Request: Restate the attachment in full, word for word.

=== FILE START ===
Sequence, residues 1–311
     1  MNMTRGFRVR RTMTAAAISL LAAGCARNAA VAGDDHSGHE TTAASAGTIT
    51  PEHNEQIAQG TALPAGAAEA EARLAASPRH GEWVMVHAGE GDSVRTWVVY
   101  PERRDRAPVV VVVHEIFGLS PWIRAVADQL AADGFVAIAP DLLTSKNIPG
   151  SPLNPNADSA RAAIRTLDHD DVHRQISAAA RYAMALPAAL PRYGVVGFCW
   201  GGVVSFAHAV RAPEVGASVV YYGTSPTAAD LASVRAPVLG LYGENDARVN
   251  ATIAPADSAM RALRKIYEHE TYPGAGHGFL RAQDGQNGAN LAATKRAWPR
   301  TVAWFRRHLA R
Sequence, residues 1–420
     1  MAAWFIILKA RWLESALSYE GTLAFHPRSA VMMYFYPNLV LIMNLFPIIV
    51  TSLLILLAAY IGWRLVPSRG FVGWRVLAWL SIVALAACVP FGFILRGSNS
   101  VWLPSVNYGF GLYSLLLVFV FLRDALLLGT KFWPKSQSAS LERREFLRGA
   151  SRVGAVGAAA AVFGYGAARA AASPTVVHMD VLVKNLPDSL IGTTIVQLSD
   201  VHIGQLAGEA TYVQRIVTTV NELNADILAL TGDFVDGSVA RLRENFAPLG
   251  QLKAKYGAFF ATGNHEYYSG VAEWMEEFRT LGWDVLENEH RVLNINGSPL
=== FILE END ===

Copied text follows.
Sequence, residues 1–311
     1  MNMTRGFRVR RTMTAAAISL LAAGCARNAA VAGDDHSGHE TTAASAGTIT
    51  PEHNEQIAQG TALPAGAAEA EARLAASPRH GEWVMVHAGE GDSVRTWVVY
   101  PERRDRAPVV VVVHEIFGLS PWIRAVADQL AADGFVAIAP DLLTSKNIPG
   151  SPLNPNADSA RAAIRTLDHD DVHRQISAAA RYAMALPAAL PRYGVVGFCW
   201  GGVVSFAHAV RAPEVGASVV YYGTSPTAAD LASVRAPVLG LYGENDARVN
   251  ATIAPADSAM RALRKIYEHE TYPGAGHGFL RAQDGQNGAN LAATKRAWPR
   301  TVAWFRRHLA R
Sequence, residues 1–420
     1  MAAWFIILKA RWLESALSYE GTLAFHPRSA VMMYFYPNLV LIMNLFPIIV
    51  TSLLILLAAY IGWRLVPSRG FVGWRVLAWL SIVALAACVP FGFILRGSNS
   101  VWLPSVNYGF GLYSLLLVFV FLRDALLLGT KFWPKSQSAS LERREFLRGA
   151  SRVGAVGAAA AVFGYGAARA AASPTVVHMD VLVKNLPDSL IGTTIVQLSD
   201  VHIGQLAGEA TYVQRIVTTV NELNADILAL TGDFVDGSVA RLRENFAPLG
   251  QLKAKYGAFF ATGNHEYYSG VAEWMEEFRT LGWDVLENEH RVLNINGSPL